unimaginativeness


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Related to unimaginativeness: imaginativeness

unimaginativeness

(ˌʌnɪˈmædʒnətɪvnɪs)
n
the quality of being unimaginative
Translations

unimaginativeness

[ˈʌnɪˈmædʒnətɪvnɪs] Nfalta f de imaginación
References in classic literature ?
Archer's serene unimaginativeness rested easily in the accepted and familiar, Janey was subject to starts and aberrations of fancy welling up from springs of suppressed romance.
Tom Tulliver, being abundant in no form of speech, did not use any metaphor to declare his views as to the nature of Latin; he never called it an instrument of torture; and it was not until he had got on some way in the next half-year, and in the Delectus, that he was advanced enough to call it a "bore" and "beastly stuff." At present, in relation to this demand that he should learn Latin declensions and conjugations, Tom was in a state of as blank unimaginativeness concerning the cause and tendency of his sufferings, as if he had been an innocent shrewmouse imprisoned in the split trunk of an ash-tree in order to cure lameness in cattle.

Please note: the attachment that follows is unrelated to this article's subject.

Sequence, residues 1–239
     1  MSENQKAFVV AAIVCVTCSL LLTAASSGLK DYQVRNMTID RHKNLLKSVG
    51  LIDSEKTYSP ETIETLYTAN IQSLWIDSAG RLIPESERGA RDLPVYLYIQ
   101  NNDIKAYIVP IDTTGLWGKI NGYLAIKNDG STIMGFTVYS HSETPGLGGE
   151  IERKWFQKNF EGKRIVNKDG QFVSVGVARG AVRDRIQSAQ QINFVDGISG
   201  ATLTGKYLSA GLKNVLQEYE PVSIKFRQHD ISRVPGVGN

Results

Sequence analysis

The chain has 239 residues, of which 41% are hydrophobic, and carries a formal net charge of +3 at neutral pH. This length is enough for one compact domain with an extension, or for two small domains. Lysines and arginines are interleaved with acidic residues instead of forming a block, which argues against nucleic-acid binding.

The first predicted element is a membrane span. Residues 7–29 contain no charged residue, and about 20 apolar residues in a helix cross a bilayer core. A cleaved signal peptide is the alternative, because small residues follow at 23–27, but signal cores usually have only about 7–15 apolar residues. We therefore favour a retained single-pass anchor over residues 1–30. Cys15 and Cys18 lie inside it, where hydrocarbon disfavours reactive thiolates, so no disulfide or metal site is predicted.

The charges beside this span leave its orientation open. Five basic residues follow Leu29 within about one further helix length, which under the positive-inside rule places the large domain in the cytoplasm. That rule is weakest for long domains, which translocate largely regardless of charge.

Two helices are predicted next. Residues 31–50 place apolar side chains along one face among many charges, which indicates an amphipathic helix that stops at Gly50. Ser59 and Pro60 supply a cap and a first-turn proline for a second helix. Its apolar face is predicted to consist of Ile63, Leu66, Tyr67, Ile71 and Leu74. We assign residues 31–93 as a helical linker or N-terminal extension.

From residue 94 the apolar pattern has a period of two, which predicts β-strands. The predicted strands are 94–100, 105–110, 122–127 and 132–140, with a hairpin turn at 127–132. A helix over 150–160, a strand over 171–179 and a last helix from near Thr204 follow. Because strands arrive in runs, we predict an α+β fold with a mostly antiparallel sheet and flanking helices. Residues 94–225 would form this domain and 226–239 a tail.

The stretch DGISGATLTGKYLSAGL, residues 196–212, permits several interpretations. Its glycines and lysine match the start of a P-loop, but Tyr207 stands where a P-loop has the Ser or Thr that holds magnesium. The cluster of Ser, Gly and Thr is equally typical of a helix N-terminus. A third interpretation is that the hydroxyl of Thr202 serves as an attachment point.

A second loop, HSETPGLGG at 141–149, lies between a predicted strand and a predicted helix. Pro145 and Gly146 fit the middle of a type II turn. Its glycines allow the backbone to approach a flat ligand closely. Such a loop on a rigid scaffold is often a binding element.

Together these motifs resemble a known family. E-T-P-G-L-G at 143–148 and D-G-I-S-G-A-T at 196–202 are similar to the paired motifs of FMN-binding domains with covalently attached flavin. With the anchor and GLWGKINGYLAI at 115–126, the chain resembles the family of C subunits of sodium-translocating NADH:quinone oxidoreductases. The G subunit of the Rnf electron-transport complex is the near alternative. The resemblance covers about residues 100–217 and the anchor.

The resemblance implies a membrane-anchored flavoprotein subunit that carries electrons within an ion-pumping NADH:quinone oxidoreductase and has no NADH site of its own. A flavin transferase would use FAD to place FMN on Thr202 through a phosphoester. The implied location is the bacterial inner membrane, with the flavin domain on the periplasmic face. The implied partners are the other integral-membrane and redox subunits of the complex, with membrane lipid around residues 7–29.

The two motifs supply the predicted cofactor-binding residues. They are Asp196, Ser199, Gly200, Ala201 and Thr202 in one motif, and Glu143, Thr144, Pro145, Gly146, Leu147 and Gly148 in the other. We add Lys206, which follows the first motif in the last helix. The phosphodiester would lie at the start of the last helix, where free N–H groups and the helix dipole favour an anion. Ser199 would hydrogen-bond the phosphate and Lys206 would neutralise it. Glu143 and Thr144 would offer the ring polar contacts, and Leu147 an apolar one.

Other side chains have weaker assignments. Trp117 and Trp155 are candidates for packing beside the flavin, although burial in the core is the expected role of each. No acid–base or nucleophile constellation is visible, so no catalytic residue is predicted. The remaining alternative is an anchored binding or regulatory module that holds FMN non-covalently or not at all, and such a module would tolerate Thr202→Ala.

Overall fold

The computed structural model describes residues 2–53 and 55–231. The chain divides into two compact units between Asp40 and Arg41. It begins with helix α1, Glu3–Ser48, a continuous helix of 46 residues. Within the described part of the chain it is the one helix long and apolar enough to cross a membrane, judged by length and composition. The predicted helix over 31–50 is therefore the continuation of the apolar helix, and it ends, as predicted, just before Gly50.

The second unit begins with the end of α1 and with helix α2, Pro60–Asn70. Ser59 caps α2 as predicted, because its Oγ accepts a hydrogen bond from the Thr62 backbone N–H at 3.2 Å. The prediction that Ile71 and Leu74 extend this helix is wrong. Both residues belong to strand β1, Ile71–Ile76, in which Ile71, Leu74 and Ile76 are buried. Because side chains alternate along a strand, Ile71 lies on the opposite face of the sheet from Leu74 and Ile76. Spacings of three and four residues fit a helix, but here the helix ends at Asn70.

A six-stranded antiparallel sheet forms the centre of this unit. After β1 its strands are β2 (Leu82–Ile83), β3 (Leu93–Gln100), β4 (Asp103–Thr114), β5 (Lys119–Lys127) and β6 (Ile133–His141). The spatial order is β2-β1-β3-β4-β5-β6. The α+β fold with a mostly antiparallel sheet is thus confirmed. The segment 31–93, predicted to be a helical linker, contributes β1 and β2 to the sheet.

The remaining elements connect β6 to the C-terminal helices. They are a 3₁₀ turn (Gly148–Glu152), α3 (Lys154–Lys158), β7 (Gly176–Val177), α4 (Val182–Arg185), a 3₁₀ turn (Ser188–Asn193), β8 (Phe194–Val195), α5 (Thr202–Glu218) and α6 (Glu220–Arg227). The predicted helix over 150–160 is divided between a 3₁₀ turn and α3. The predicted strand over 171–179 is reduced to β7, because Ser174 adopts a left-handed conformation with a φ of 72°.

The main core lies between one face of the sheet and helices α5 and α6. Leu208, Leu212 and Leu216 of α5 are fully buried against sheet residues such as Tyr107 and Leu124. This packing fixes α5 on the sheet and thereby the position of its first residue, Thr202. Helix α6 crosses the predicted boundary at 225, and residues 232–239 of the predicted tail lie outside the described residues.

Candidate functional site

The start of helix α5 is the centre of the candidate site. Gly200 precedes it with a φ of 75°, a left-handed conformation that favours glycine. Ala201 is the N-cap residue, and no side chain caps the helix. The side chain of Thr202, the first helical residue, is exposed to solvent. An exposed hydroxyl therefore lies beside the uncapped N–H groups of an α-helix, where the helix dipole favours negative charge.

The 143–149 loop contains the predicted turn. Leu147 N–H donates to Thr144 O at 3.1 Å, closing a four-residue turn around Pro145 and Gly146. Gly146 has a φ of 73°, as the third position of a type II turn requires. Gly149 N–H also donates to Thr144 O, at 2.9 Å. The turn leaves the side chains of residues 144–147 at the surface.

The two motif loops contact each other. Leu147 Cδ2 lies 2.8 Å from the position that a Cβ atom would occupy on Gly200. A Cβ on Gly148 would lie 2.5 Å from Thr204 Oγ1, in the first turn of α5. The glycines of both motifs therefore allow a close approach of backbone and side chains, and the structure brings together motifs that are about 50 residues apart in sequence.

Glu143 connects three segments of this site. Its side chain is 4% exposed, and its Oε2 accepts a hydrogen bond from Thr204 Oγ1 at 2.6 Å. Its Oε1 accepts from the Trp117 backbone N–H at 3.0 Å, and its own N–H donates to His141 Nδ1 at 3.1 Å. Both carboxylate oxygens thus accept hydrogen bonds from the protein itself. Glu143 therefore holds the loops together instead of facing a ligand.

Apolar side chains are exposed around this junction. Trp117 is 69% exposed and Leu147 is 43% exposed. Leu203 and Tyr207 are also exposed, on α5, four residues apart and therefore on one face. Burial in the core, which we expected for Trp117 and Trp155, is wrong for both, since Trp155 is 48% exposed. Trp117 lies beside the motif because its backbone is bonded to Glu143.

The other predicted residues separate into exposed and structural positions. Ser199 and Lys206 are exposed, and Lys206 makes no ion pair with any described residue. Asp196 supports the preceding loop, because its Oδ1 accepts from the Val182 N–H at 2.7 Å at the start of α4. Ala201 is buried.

Some days, it feels like a mission: retreating from unimaginativeness and pursuing pleasure.
Pros and cons, pros and cons--how could I possibly sit in Houston for a decade in an environment of flat plains, murky air, unimaginativeness and nonscience?" --The Making of an Ex-Astronaut 10
"Pawny," they decide to call him -- in a telling moment of unimaginativeness that will make you grateful they don't add the last name "McPawnface." From that moment forward, Pawny is a source of steady and much-needed comic relief -- in an otherwise dutifully thriller-ish plot that sees M and H trying to A) keep a world-destroying weapon out of the hands of evil aliens; B) identify a potential mole inside the MIB organization; and C) kill, capture or avoid assassination by a pair of hit men from another planet.